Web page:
Me and NiKI sharing a near last drink. Well done that Elddis Encore 254, 17 months on the road together and never a cross word (not with the van anyway!!)

far from the Menin gate so we have been able to take advantage of seeing the ceremony each night and also to do some of our last cycles around the various memorials and poignant graves. Again it’s hard not to be moved by the huge loss of life’s sustained in this area by these brave courageous men. So leave the past to the past. NO, the past is the future and we should remember.

Ypres and the Menin Gate where the Last post is played every evening at 8pm to honour those ho fought and died in the Greta War
Tyne Cot cemetery. 11,000 young men are buried here and many more commemorated whose bodies were never found. Many buried but Known only unto God……

THE LAST POST – for Ypres never the Last Post, for us Yes the Last Post of our epic wonderful journey. Thankfully we have NiKi for another few weeks and we will continue to live in him while we do some work on our ‘brick’ home in our wonderful home city of London, so those tears of parting with our home are yet to be shared with you as we continue shorter updates with our ‘OMG we’re back’ blog.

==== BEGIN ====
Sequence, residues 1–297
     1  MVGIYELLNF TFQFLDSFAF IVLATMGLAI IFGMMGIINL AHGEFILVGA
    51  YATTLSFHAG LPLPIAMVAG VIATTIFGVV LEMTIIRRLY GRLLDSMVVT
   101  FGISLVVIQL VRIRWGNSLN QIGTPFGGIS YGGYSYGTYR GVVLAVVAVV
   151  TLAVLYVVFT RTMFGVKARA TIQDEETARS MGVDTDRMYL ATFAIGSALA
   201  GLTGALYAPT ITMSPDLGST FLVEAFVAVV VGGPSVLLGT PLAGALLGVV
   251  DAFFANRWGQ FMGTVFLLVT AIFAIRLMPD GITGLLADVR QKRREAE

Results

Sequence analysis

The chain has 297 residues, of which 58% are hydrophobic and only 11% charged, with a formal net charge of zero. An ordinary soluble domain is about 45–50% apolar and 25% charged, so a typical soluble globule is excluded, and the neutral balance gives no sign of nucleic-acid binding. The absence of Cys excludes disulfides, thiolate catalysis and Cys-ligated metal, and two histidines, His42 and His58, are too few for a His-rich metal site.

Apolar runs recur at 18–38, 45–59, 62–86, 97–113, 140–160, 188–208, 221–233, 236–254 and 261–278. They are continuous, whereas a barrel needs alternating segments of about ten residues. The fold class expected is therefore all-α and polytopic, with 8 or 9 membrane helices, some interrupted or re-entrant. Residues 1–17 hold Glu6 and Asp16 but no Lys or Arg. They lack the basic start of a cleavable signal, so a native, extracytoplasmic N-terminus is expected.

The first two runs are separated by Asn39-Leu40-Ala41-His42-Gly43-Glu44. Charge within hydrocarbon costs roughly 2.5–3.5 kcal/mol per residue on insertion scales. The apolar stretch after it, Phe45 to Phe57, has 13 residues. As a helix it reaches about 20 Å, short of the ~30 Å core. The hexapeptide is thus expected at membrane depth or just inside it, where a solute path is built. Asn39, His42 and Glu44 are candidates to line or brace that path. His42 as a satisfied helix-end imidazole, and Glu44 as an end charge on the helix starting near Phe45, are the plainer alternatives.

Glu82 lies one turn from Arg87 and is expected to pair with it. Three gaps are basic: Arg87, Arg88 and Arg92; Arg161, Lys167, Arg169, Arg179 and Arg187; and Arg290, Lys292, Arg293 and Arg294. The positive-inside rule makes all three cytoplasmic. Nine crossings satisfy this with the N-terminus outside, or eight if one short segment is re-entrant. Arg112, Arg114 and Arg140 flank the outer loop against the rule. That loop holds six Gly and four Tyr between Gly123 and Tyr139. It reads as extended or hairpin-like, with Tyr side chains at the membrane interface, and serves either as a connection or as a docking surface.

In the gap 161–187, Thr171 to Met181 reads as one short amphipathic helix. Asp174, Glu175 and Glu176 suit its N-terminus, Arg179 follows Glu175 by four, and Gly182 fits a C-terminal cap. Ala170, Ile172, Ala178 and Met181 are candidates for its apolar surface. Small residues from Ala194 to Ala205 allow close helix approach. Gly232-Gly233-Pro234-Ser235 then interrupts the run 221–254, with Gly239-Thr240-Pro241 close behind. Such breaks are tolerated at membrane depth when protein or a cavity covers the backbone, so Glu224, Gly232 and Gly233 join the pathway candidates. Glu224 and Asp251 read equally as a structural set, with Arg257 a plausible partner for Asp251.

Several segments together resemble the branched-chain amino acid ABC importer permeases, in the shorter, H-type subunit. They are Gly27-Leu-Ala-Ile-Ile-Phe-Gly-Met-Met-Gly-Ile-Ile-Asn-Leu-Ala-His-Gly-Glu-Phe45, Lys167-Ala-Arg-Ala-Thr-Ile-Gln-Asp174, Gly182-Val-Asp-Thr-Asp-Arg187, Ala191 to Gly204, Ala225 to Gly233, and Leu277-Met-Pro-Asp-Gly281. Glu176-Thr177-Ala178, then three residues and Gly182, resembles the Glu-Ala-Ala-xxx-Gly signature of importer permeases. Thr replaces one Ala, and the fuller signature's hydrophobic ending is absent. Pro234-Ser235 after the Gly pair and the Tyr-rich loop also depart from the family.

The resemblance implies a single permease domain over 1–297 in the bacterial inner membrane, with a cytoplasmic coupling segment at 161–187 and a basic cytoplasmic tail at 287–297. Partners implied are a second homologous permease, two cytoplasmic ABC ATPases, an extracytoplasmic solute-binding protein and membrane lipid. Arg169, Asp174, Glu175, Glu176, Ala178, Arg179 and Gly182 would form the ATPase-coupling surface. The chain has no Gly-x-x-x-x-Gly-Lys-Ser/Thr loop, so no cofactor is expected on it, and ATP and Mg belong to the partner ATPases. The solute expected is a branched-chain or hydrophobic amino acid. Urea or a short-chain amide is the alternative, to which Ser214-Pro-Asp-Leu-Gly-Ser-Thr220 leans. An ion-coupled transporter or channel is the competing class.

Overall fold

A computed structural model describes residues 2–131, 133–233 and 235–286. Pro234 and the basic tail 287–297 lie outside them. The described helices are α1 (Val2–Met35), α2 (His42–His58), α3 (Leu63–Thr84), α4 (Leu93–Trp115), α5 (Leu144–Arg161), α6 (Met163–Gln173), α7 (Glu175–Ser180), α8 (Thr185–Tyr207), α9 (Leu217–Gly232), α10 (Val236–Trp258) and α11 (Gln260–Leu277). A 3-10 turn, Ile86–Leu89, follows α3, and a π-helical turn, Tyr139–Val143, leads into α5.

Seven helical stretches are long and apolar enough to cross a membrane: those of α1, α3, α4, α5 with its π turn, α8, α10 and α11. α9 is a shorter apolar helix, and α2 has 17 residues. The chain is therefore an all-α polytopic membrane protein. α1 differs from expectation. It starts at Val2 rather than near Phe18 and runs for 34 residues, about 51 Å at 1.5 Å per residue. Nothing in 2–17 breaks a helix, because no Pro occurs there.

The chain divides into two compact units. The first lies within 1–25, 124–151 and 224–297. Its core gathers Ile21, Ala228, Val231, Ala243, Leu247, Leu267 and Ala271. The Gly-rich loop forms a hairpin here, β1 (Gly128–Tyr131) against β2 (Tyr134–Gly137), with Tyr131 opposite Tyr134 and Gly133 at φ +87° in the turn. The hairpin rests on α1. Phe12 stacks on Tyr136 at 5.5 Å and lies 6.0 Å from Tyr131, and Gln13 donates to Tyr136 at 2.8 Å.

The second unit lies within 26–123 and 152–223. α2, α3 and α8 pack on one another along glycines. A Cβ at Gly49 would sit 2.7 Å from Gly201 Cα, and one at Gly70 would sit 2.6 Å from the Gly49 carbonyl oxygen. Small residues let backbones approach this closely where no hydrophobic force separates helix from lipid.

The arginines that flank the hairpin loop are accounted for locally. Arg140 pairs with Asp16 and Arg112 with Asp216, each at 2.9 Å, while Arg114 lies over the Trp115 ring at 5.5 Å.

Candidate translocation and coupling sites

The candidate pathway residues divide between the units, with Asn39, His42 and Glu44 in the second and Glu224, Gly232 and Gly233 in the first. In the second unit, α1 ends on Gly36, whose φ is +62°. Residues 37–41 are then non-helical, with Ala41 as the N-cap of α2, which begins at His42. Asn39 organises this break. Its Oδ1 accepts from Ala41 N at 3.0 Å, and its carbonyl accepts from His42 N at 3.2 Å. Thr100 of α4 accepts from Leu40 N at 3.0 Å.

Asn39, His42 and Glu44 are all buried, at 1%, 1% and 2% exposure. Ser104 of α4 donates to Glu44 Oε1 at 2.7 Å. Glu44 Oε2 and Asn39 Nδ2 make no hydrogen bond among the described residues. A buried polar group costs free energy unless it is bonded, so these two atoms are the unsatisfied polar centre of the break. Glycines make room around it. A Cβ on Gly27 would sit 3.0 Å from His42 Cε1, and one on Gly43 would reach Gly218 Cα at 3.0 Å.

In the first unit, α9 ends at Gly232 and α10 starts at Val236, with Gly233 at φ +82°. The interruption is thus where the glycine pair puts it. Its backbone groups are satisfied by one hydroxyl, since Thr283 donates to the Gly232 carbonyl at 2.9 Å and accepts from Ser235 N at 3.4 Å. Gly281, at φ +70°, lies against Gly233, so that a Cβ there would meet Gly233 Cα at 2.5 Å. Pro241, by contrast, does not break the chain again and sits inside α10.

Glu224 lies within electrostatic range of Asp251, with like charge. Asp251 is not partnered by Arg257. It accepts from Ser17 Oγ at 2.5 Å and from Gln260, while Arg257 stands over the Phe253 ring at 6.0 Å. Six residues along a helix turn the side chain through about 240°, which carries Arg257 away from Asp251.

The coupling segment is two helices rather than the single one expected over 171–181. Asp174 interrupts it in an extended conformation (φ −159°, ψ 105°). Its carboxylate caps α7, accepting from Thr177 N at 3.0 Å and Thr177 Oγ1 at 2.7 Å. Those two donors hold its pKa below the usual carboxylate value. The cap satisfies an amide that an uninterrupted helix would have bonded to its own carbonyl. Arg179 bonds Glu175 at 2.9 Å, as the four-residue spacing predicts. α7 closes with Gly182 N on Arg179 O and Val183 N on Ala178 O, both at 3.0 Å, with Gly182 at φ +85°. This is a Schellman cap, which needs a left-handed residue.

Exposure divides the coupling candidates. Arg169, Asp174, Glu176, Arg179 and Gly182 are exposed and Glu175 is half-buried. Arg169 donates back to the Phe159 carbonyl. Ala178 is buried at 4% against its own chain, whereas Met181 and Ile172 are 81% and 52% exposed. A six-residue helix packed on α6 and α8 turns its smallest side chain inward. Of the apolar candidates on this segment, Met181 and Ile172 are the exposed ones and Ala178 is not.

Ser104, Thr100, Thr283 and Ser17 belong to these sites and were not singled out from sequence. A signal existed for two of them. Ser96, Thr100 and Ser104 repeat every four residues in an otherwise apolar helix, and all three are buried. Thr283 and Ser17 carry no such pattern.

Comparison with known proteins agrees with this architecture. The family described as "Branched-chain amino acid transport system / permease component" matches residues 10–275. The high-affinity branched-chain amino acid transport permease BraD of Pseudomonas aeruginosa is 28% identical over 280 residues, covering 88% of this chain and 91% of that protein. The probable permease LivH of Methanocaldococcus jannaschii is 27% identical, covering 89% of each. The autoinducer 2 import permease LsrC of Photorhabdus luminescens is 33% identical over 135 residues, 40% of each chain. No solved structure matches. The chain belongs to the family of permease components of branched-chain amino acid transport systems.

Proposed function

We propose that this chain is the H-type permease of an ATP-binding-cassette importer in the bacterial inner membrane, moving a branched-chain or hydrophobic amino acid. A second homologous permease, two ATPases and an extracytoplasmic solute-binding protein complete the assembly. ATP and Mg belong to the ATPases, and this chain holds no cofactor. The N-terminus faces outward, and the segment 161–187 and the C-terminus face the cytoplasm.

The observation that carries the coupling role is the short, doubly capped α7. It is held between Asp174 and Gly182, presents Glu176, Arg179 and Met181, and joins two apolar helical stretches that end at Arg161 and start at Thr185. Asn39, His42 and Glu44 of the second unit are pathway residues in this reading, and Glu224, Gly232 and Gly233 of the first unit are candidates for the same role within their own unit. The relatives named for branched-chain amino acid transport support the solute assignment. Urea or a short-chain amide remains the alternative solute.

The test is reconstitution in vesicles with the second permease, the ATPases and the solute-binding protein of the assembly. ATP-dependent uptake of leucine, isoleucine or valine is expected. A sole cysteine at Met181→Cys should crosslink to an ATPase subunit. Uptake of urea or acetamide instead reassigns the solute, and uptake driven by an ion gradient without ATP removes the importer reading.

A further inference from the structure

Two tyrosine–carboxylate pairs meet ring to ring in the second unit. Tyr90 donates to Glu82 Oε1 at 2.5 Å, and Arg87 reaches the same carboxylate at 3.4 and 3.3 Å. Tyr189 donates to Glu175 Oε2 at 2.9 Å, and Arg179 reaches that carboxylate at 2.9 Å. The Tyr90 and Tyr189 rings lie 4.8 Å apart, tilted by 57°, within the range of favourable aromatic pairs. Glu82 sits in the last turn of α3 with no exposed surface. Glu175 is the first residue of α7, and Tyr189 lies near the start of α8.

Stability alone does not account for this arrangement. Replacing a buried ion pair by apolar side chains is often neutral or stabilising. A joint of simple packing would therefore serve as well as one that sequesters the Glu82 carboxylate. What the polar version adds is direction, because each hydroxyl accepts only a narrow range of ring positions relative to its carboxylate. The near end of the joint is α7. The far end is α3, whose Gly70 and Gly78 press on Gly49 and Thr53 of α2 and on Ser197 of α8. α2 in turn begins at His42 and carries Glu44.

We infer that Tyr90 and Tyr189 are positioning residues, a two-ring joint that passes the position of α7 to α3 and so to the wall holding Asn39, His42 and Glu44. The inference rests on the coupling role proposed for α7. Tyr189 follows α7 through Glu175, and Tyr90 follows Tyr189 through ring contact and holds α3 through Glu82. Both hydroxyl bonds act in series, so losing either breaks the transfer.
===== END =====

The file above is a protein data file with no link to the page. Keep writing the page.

The tears on Tuesday will be double edged- sadness for the end of the trip and also of joy as we make our way to see family and friends and start a new chapter.  Living the dream…………..

Our Route For Our Last Week!


  1. I can’t believe it was 17 months ago when we saw David in the car park at lakeside shopping centre just before you set off. What an adventure you have had!
    We were both in tears when we rolled off the ferry at the end of our trip, so I know a little of how you feel.
    It’s been wonderful following your adventure and I am just sorry that we never crossed paths. I am looking forward to your ‘return to normality’ updates, as we just couldn’t do it – other than to set ourselves up to travel all the time! Who knows, maybe you will feel the same.